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Originally posted by MAC269
Thanks at least you have been reading my posts.
By all accounts they new what a flying disc meant, especially after the Kenneth Arnold thing a few week before. These guys where professionals in their field not some country bumpkin.
Just answer this one why would anybody pick up balsawood and tin foil i.e., Hershey bar wrappers from the desert floor. Except to stop the animals eating it.
they came upon a large area of bright wreckage made up of rubber strips, tinfoil, a rather tough paper and sticks.
At the time Brazel was in a hurry to get his round made and he did not pay much attention to it.
The next day he first heard about the flying disks, and he wondered if what he had found might be the remnants of one of these.
Originally posted by Arbitrageur
And if you believe the Ramey memo has the word "DISC" in it (I'm not sure but it looks possible), then doesn't that also show us that he knew it wasn't a disc because he put the word "DISC" in quotes with the quotes signifying that's what people called it but they knew that's not what it really was? Why else would they put that word in quotes? So maybe the quotes used on the word "DISC" in the Ramey memo proves your point, that Ramey actually knew it wasn't really a disc, even though people were calling it a "disc"? (The word disk being offered by Brazel thanks to Kenneth Arnold and the flurry of other flying disk reports in the previous few weeks which you also seem to be discounting the influence of in your analysis).
Originally posted by debrisfield
(Incidentally, since you want to quote 1947 newspapers, Major Marcel was quoted back then saying the debris was "scattered over a square mile". Does the weather balloon + radar target in the photos look like it be collected over a "square mile"?)
I was busy calibrating instrumentation for top-secret Project Mogul in the spring of 1947. In retrospect, I was totally unaware of the project’s actual identity. My security clearance was for the lower rating of confidential. I was unaware of the project title for another forty-eight years, until 1995.
I write from a thirty-five-year professional career as a Skyhook balloon specialist and direct experience with most of the programs in these revelations.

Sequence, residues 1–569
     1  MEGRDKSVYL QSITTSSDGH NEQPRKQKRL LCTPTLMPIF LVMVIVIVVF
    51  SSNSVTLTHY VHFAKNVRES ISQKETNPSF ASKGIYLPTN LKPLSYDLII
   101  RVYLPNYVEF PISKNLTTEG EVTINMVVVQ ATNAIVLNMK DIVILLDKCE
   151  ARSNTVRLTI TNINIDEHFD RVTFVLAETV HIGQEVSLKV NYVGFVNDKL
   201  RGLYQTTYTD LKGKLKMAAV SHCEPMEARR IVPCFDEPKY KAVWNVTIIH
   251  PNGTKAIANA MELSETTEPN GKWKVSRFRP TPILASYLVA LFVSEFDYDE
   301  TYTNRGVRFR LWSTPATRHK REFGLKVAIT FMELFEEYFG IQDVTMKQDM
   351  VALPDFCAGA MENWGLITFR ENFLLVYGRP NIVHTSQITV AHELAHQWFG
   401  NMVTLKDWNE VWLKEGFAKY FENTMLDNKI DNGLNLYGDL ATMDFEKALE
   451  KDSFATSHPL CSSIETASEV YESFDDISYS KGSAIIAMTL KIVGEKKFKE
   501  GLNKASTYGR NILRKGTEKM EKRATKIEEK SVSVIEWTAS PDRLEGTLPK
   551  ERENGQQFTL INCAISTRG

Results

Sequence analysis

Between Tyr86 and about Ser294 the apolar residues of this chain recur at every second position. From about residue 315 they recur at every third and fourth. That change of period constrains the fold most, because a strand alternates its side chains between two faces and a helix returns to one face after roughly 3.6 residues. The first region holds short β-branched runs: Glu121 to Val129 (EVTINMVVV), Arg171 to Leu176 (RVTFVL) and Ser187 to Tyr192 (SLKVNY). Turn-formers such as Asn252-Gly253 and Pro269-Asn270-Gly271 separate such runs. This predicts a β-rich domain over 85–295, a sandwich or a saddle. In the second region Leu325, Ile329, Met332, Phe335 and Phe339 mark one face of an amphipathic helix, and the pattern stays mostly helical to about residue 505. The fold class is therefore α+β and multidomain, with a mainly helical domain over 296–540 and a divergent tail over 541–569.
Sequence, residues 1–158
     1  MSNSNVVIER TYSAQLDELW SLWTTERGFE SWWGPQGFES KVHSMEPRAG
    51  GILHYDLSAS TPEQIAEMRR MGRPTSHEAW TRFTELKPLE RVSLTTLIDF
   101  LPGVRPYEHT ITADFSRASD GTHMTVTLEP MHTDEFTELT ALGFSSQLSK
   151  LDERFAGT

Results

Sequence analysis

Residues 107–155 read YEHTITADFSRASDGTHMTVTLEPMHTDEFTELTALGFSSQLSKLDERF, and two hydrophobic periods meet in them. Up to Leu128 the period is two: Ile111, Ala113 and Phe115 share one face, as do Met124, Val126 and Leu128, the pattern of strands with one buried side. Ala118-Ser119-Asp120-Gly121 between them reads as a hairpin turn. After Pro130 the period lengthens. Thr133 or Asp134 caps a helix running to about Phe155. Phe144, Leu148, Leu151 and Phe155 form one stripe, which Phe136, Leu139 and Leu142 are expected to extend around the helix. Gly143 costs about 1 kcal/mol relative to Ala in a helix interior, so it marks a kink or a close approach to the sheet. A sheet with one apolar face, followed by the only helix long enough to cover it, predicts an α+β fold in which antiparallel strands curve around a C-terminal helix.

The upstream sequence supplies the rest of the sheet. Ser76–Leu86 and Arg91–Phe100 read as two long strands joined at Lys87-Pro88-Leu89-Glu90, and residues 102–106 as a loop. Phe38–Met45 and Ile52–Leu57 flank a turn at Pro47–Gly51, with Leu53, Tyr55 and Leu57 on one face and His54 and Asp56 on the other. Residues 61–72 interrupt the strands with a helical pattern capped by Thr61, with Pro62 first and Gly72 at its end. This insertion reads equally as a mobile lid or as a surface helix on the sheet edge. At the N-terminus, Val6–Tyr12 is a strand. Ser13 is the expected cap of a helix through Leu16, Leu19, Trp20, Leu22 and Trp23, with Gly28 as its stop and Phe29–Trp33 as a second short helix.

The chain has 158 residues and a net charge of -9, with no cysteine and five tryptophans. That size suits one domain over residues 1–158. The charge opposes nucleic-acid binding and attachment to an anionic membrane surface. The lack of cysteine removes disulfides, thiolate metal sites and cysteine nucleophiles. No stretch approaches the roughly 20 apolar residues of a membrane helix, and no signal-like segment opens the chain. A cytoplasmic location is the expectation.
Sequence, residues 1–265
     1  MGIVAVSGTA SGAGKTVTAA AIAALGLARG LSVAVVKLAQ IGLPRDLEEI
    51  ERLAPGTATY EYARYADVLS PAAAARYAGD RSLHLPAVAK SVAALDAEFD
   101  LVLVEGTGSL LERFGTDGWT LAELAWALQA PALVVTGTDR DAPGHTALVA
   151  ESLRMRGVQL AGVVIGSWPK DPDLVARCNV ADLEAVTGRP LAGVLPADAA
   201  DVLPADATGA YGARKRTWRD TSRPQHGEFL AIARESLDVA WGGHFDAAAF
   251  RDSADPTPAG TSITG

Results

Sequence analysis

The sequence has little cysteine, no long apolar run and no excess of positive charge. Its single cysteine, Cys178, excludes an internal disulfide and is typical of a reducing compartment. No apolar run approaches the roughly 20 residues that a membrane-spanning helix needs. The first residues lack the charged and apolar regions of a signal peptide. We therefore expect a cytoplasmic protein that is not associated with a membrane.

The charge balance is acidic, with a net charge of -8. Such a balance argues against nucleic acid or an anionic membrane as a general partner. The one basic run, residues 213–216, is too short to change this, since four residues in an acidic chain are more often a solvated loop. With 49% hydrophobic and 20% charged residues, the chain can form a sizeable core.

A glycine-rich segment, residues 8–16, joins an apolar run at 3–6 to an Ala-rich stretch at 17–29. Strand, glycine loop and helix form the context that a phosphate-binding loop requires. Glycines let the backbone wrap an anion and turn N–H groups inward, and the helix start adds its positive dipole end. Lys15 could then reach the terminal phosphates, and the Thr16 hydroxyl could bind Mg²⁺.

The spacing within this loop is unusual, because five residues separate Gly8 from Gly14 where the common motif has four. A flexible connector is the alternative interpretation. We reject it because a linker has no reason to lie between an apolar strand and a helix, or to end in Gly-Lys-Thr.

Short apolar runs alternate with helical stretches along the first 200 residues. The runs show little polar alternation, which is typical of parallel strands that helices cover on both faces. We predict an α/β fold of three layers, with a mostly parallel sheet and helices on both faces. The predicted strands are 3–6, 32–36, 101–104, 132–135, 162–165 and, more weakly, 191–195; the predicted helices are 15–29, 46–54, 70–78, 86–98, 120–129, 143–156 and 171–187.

Skyhook balloons were huge. The average size of those discussed in this article was double the six million cubic feet of the Hindenberg. Their diameters were about 300 feet with a flaccid length of 430 feet.
The prime launch site for Project Mogul was Alamogordo Air Base in New Mexico, west and therefore upwind of Roswell.
I agree but I can't say the memo makes perfect sense with the interpretation we've been given.
Also you can't just consider the words in isolation.
I'm not sure it says "victims", the first letter looks like a V, and the 2nd and 5th letters look like an I but it might say "viewing" for all I know, the other letters are unclear.
The Ramey memo also clearly mentions "THE VICTIMS" in the sentence before being "FORWARDED" to someone at "Fort Worth", and I don't believe Mogul balloons had crews that could be "victims".
It is also interesting that Ramey went out of his way (in news stories) to mention that the object could NOT have carried a crew (why bother to even mention it if only to discount the idea?) and was also claiming it would have been 25 feet across if reconstructed. The Pentagon issued similar statements about size and lack of crew, and also specifically denied the same day that the flying saucers could be spacecraft. Again, why were they even bothering to bring up the topics, unless the purpose was to debunk the ideas?
Originally posted by Maybe...maybe not
I finally found that Popular Mechanics article regarding Roswell.
It was in the July 1997 edition,
”PM suspects the craft that crashed at Roswell will eventually be identified as either a U.S. attempt to re-engineer a second-generation Fugo, or a hybrid craft which uses both Fugo lifting technology and a Horten-inspired lifting body. In either case, Japanese engineers and pilots brought to the U.S. after the war to work on the project could have been the dead "alien" bodies recovered at the crash site.
You're welcome, and thanks to you because I never would have found it without your 1997 Popular Mechanics reference.
Originally posted by Maybe...maybe not
Thanks mate…..that’s the one
I found the mooted Japanese origin of the “craft” quite interesting……
As our investigation neared its close, PM was alerted to a forthcoming release of documents that may fill in these two missing pieces of the Roswell puzzle. They may also explain two other curiosities: the presence of the crisscrossed radar-deflecting pattern on the bottom of the Roswell craft, and–to the consternation of those who seek an unearthly explanation for Roswell–the origin of the "dead aliens" who have so often been described as having Oriental features.
Originally posted by gariac
I know I've answered this at least once. Jim Wilson went down Mailbox Road and failed to make a right onto Groom Lake Road. Thus he ended up at the range 61 gate. There is a gate there because Nellis bombs it, not to mention AC103 target practice. You can't see the front gate of Area 51 unless you carefully climb Hawkeye Hill. That should have clued Wilson in that he took the wrong road.
Despite the disappointing document disclosure by the National Archives and the discovery that Kaufmann had altered his military records, Friedman says it is premature to close the books on Roswell. He believes convincing evidence of an alien landing exists but that it has yet to be disclosed. And he says he knows exactly where to find it--in vaults at the National Reconnaissance Office and the Central Intelligence Agency.